Curt Schilling makes a disgusting anti-transgender post on Facebook

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This has got to be the final straw, right? Curt Schilling, ESPN’s baseball analyst who has been in trouble multiple times for his social media posts and comments, has once again stepped in it. Indeed, this may be his worst one yet.

It was a meme he shared on Facebook and under which he commented dealing with the issue of access to public facilities for transgender people and it contains a disgusting caricature of what, apparently, Schilling believes to be a transgender person. I won’t reproduce the meme he shared here, but you can see it if you’d like at OutSports, which brought this to the public’s attention. They also pass along his comments, which I presume he’ll soon delete. Schilling:

“A man is a man no matter what they call themselves. I don’t care what they are, who they sleep with, men’s room was designed for the penis , women’s not so much. Now you need laws telling us differently? Pathetic”

While many may feel that way, such sentiments are wholly ignorant of transgender people and their nature (note: they are people who just have to go to the bathroom sometimes like everyone else) and perpetuates stereotypes of a much-maligned class of people. There is an entire b.s. perpetuation machine backing these sorts of sentiments, by the way, smearing transgender people as deviants or threats when, in fact, there are no documented cases of people exploiting transgender non-discrimination laws to commit crimes. Of course, given Schilling’s track record, it is not necessarily surprising that he’s willing to buy into false claims and hyperbole which support his general disposition.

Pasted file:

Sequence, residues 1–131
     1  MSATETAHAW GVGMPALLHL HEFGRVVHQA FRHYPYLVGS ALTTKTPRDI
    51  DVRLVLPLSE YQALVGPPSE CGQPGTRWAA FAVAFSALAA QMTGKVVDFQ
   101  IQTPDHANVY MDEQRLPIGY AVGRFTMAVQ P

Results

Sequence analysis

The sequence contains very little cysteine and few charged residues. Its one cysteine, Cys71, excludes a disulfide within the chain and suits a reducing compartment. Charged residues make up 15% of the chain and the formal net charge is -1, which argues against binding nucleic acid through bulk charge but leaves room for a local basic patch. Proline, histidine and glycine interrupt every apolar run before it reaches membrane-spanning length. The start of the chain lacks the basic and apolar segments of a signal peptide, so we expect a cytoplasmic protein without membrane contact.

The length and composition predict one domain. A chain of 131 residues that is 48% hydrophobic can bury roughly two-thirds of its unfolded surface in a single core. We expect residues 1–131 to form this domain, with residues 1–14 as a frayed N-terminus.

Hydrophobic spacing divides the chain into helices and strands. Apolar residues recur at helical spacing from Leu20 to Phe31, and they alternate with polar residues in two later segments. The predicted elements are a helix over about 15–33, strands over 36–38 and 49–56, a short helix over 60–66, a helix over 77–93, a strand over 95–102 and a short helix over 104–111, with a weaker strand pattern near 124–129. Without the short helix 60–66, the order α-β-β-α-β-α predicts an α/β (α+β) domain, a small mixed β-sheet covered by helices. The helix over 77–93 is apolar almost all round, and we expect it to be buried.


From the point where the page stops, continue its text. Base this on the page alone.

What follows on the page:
But even if you step away from the substance, it’s undeniable that public access for transgender people is a highly controversial issue at the moment, with North Carolina passing a restrictive law in this regard which has led to boycotts of the state by performing artists and travel restrictions for public officials who would visit North Carolina in their official capacity. Likewise, the NBA is currently considering taking next year’s All-Star Game out of Charlotte. No matter which side of this matter a person may fall, it’s highly doubtful that ESPN wants one of its top commenters wading into it at the moment, at least in as crass a manner as Schilling did.

Of course, Schilling has skated in the past and still makes seven figures talking about baseball for ESPN. One wonders if this will finally cause them to fire him or if he’ll continue to be teflon.

Video: Pete Alonso hits home run no. 50

Pete Alonso
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Rookie first baseman Pete Alonso has launched what appears to be the beginning of an auspicious career, made all the more notable by the 50 home runs he’s produced for the Mets so far this season. The All-Star slugger pushed his home run streak to four straight games on Friday, collecting no. 50 on an eighth-inning fastball from the Reds’ Sal Romano.

It’s just the latest of a long line of accomplishments for the 24-year-old infielder. Entering Friday’s series opener against Cincinnati, the first-time All-Star carried a .266/.366/.590 batting line with a league-leading 49 homers, 113 RBI, a .956 OPS and 4.9 fWAR through 648 plate appearances. Among those who are still rounding out their rookie seasons in 2019, he ranks first in home runs and fWAR by a long shot: the White Sox’ Eloy Jiménez is second in home runs with 28 dingers, while the Astros’ Yordan Álvarez plays second fiddle in fWAR with 3.7 Wins Above Replacement.

Even more remarkable: Alonso is the second rookie in MLB history to deliver at least 50 home runs in a single season. The first? Aaron Judge, who clubbed a jaw-dropping 52 homers for the Yankees in 2017.